For those studying Cambridge (UK) O’level syllabus in Literature from the 1960s through to the 1980s’ they would be very familiar with a prescribed text book “ Pattern of Islands” by Arthur Grimble, a British colonial administrator who, while serving in the 1920s, fell in love with the Gilbert islands’ (now Kiribati) simple, down to earth and close to nature way of life, so much so that he found himself spending more time wondering how the people he was supposed to protect in the name of the British monarch had managed to survive the invariably harsh and tough elements of a barren island in the hot sun surrounded by an open sky and sea than doing his administrative task so much so that he had to spend much time collecting materials often by allowing himself to go down to the level of “natives” just to have a first hand experience of such an exotic and unique way of life.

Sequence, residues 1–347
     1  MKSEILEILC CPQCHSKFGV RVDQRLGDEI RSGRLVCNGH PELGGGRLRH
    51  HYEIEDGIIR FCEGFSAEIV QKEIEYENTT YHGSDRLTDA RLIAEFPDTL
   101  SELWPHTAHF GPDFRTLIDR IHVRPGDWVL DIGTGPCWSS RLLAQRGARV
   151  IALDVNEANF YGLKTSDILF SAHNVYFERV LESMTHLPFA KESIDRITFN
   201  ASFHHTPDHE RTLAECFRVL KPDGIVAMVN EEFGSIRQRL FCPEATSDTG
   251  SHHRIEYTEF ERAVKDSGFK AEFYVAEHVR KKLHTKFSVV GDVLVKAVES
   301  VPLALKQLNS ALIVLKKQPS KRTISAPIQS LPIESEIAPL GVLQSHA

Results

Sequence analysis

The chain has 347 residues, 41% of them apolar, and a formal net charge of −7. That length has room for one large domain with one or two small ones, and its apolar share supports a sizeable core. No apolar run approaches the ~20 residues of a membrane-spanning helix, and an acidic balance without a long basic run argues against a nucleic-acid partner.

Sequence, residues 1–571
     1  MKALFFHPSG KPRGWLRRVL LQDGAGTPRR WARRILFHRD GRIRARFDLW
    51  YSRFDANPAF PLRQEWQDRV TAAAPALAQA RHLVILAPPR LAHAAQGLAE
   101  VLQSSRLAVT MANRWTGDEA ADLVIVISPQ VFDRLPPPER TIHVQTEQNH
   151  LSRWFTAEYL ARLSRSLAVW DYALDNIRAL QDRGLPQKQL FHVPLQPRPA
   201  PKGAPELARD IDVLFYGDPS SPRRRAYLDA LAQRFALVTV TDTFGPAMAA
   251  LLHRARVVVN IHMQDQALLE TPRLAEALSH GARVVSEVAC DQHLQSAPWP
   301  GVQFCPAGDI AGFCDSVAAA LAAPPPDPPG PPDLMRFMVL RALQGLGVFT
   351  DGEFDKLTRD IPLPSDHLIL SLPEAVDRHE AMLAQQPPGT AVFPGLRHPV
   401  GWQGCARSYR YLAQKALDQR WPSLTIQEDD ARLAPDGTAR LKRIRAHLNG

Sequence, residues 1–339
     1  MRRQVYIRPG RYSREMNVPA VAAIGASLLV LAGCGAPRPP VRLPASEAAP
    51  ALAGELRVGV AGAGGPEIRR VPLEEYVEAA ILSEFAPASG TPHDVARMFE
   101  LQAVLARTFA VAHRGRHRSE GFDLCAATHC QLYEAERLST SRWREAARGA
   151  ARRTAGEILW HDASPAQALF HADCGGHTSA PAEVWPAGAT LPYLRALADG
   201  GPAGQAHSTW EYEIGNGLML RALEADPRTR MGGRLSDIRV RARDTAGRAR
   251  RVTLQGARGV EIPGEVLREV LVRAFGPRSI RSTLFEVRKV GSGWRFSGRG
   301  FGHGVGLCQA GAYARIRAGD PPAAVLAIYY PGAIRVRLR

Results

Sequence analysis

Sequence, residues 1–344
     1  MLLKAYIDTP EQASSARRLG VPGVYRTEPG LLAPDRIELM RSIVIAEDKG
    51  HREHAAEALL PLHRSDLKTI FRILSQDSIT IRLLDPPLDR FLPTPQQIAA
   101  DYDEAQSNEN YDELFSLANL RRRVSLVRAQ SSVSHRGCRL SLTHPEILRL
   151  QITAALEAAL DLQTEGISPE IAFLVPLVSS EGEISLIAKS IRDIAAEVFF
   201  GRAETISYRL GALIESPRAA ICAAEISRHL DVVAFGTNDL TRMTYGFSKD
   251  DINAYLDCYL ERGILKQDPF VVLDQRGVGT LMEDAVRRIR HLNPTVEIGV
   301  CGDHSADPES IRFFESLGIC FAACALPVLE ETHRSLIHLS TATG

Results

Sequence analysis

One of the things he found and admired was the courage and toughness of the men when it came to a time for them to cross beyond their terrestrial boundary and enter the marine domain of sharks where they demonstrated their superiority over them. Grimble gave an account of a man who played duel with a giant shark which killed itself on the sharp pointed end of the fisherman’s knife which physically sliced its way along the shark’s belly as it dashed forward to devour the fishermen just as the fisherman had dodged the line of attack and firmly held out his knife perpendicular to the direction the shark was attacking at enormous speed. Grimble observed and concluded that these men were not afraid of sharks as they regarded them as like playing mates in the sea.